I have a vocation, and it’s to do with places; with communicating, enthusing, analyzing – in short, extollagising – about the nature of ‘old places’, and what makes them tick. I get especially excited about the sacredness of place, and the human place-making that results from it: a po-faced way of saying I love religious architecture in particular. English medieval churches are my academic specialism.
In any case, this a calling without a career structure. Writing lies at the heart of it, but like many writers I do other things which help earn a living and which arise from the expertise I’ve gathered on the way. But these, for me, are not add-ons: lecturing, teaching and tour-leading, copywriting and editing for heritage organizations, academic research: all are essential elements in what is a seamless and overlapping range of concerns. You can find out more about each, or contact me direct, via this website.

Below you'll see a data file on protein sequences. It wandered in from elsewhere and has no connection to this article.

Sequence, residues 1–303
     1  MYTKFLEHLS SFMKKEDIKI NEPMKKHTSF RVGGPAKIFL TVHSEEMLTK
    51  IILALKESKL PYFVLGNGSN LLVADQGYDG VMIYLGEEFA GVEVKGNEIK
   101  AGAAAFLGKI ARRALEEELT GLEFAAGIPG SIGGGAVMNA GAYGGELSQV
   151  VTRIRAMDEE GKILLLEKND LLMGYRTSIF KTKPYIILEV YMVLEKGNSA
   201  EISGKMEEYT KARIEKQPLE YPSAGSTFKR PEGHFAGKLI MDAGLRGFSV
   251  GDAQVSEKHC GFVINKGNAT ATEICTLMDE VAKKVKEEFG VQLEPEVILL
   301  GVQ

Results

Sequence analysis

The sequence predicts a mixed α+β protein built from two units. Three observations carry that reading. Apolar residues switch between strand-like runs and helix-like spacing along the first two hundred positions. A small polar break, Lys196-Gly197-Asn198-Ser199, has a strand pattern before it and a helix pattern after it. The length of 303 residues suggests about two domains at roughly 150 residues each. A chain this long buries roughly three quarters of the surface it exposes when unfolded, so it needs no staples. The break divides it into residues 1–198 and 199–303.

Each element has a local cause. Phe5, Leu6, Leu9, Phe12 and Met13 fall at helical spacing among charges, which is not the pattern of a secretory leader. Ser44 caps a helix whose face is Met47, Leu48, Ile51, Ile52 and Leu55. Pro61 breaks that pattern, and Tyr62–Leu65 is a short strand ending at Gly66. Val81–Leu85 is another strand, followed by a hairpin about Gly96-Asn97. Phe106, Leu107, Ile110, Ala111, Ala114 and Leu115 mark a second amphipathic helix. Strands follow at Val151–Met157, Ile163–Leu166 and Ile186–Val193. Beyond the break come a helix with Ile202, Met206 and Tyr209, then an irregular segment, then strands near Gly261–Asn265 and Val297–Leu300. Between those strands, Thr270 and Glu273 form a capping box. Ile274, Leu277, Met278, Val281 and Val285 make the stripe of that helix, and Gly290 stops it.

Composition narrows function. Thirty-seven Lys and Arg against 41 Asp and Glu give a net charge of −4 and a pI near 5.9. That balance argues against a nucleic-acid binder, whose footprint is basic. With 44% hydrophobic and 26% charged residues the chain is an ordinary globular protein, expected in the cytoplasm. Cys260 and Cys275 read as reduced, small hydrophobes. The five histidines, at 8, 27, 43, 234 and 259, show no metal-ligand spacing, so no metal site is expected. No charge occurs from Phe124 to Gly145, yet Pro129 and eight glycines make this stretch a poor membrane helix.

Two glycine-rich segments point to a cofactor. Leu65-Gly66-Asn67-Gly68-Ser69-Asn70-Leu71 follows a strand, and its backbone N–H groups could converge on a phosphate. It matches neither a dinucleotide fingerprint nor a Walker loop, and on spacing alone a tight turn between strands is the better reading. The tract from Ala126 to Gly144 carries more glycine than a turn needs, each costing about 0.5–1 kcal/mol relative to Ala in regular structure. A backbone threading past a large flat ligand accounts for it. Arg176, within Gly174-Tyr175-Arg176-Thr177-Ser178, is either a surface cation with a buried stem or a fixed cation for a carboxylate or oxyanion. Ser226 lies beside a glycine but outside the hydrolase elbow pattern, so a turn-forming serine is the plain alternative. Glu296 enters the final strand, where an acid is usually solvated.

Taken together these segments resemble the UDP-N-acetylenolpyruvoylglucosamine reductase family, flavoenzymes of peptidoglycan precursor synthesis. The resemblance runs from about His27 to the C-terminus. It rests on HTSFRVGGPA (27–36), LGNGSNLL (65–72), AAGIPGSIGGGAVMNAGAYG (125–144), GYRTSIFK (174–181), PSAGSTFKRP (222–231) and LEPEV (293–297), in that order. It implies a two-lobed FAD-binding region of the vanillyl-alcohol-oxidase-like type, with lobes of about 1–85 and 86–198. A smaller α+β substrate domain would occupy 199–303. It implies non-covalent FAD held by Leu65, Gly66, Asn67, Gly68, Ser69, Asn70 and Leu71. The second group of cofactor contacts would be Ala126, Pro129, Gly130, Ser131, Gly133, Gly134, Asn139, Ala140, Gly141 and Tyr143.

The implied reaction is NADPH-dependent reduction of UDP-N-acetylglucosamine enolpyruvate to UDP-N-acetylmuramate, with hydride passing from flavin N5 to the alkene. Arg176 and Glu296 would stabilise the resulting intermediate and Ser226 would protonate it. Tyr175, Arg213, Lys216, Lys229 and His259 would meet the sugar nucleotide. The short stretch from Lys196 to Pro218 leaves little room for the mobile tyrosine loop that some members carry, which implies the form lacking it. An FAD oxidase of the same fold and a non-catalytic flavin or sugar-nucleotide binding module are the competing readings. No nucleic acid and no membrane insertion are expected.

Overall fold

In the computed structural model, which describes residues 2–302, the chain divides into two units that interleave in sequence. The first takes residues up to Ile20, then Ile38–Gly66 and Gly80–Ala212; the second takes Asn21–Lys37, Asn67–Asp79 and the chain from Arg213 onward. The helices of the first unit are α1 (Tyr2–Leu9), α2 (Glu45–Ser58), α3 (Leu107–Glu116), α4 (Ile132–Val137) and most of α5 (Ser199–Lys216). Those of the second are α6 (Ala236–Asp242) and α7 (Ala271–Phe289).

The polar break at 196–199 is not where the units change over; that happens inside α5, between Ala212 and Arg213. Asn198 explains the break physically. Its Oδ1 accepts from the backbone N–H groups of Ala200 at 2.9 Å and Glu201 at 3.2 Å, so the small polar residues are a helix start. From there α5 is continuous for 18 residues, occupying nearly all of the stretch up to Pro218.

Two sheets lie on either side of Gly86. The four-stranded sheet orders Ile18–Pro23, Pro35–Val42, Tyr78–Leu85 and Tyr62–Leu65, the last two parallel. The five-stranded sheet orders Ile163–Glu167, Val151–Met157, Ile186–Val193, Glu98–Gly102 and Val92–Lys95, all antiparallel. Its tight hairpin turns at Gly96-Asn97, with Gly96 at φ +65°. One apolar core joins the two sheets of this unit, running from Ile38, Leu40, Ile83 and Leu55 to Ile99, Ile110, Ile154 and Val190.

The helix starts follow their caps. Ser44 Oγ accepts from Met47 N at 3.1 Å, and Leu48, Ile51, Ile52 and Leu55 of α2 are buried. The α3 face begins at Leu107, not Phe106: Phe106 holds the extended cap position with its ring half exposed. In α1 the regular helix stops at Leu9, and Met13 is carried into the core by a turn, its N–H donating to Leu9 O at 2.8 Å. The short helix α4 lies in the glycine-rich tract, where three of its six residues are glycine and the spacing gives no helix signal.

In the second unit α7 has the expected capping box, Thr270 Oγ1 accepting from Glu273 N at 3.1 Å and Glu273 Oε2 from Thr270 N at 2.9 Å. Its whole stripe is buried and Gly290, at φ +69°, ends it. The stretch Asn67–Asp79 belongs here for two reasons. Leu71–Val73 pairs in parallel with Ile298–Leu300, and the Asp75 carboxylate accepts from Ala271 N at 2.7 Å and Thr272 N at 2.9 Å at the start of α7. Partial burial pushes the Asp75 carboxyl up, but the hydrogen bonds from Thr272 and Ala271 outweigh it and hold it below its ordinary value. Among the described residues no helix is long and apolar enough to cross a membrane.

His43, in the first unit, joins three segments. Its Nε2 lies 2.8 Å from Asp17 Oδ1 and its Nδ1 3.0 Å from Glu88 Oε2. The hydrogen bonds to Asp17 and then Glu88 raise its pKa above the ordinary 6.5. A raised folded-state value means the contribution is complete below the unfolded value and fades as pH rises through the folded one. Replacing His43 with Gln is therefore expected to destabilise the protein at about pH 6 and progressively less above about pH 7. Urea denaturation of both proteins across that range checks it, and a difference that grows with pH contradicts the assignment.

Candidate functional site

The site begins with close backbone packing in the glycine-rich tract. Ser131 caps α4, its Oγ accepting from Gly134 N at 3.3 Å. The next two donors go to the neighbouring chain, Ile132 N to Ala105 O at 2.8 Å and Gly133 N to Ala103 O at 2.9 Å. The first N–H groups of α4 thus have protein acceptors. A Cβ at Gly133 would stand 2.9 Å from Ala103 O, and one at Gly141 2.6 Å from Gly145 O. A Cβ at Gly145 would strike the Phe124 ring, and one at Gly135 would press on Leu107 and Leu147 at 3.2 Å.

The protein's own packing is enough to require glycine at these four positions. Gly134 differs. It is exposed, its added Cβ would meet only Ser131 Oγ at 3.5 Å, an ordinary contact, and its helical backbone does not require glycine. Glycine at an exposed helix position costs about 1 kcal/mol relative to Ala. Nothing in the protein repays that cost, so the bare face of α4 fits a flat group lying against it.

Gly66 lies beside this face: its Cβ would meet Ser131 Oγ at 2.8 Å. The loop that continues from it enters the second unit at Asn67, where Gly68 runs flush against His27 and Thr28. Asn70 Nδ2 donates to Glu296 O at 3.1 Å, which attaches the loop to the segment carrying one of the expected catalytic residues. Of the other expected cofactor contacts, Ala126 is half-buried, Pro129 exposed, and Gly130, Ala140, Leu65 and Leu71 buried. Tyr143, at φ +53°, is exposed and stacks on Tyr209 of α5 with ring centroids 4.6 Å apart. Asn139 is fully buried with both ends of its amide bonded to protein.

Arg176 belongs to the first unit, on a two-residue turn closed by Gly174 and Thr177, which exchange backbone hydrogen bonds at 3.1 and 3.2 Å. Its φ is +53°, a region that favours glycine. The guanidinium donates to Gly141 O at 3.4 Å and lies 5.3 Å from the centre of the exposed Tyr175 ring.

You might, indeed, come across my books, such as Cathedral: the great English cathedrals and the world that made them, published by Constable in 2007; The Secret Language of Sacred Spaces, published in late 2013; the Shire book of Medieval Church Architecture, which came out in July 2014; I am currently writing a major work on the British landscape, slated for publication in 2017. You might also have come across my BBCTV documentary, How to Build a Cathedral, which was widely praised.
Among other things, I hold a Teaching Fellowship in the History of Art department at the University of Bristol, lead tours for Martin Randall Travel and others; and am a Lay Canon (keeper of the fabric) at Bristol cathedral. I am also a Fellow of the Society of Antiquaries of London and an accredited NADFAS lecturer. My piece of journalism about North Korea (east Asia plays a big part in my life: my wife is the Chinese author Liu Hong) for the London Review of Books some years ago was shortlisted for the David Watt Memorial Prize.